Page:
Page 6778

Mar 21, 2018

The politics of innovation

Posted by in categories: economics, innovation

Innovation is the latest social, political and economic battleground. Techno-optimists dismiss fears about innovation, typecasting non-believers as Luddites. The impact of recent technological changes, they believe, will be realised over time. Luddites, on the other hand, point to weaknesses in technology.

Policymakers are placing their faith on technological advancements to boost flagging growth. But it is founded more on hope than reality.

By Satyajit Das

Continue reading “The politics of innovation” »

Mar 20, 2018

Targeting levels of specific protein could improve memory in aging, reduce symptoms of PTSD

Posted by in categories: biotech/medical, genetics, life extension, neuroscience

A neural circuit mechanism involved in preserving the specificity of memories has been identified by investigators from the Massachusetts General Hospital (MGH) Center for Regenerative Medicine and the Harvard Stem Cell Institute (HSCI).

They also identified a genetic “switch” that can slow down #memory generalization — the loss of specific details over time that occurs in both age-related memory impairment and in post-traumatic stress disorder (#PTSD), in which emotions originally produced by traumatic experiences are elicited in response to innocuous cues that have little resemblance to the traumatic memory.

“The circuit mechanism we identified in mice allows us to preserve the precision or the details of memories over the passage of time in adult as well as aged animals,” says Amar Sahay of the MGH Center for #Regenerative Medicine and HSCI, corresponding author of a paper appearing in Nature Medicine. “These findings have implications for the generalization of traumatic memories in PTSD and for memory imprecision in #aging.”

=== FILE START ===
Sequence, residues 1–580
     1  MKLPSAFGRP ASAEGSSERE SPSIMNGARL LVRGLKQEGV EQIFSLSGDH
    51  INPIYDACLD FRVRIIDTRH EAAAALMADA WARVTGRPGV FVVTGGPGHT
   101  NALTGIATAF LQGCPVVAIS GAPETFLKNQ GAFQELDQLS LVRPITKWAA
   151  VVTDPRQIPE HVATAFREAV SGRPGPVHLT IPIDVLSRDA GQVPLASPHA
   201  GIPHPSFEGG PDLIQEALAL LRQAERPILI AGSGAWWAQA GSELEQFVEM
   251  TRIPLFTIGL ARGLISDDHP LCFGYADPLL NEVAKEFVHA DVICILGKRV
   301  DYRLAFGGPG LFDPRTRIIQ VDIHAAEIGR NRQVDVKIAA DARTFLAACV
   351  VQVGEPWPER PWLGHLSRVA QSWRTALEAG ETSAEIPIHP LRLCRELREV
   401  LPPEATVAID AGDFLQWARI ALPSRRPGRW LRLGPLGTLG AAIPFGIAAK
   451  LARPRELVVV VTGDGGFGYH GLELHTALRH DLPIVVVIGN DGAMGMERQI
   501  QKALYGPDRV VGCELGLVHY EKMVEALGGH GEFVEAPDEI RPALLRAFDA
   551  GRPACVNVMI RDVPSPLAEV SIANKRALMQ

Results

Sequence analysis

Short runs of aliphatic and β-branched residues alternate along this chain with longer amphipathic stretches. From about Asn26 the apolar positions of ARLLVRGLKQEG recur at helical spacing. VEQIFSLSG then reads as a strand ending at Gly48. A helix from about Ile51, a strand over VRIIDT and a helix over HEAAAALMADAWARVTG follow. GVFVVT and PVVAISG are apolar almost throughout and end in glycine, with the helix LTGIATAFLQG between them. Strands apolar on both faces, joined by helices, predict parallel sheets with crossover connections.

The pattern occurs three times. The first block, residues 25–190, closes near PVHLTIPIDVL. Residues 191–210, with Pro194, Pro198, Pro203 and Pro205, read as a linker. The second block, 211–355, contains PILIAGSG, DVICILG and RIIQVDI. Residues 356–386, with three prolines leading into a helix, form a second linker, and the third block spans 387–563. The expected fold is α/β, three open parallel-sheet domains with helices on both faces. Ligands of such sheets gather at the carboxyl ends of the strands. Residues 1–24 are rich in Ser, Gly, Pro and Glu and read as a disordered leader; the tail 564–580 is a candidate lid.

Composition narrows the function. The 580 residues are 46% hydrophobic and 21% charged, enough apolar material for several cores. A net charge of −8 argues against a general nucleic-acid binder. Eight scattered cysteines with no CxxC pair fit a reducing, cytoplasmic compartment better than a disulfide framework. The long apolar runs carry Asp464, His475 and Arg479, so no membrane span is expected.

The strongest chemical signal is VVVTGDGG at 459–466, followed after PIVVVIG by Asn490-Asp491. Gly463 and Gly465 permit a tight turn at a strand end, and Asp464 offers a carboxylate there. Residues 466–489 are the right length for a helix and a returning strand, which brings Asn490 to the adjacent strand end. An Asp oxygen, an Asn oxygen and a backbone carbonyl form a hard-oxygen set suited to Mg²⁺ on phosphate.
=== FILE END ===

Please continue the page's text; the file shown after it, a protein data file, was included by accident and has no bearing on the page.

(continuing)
Continue reading “Targeting levels of specific protein could improve memory in aging, reduce symptoms of PTSD” »

Mar 20, 2018

Drugs to vaccinate over-50s against Alzheimer’s could be here in a decade…with a £ 9bn price tag

Posted by in categories: biotech/medical, neuroscience

D rugs to vaccinate everyone over the age of 50 against Alzheimer’s could be available within 10 years, but would cost the NHS £9 billion, a new report has shown.

New analysis commissioned by Alzheimer’s Research UK found that drugs to halt, slow or reverse the disease could be available in as little as three years with major vaccine and screening programmes possible within a decade.

But dementia experts warned that demand from patients would be ‘instant and huge’ and called on the NHS to act now to make sure funds were in place for when the breakthroughs occurred.

Continue reading “Drugs to vaccinate over-50s against Alzheimer’s could be here in a decade…with a £ 9bn price tag” »

Mar 20, 2018

Scientists aim to use lasers to turn light into matter

Posted by in categories: information science, particle physics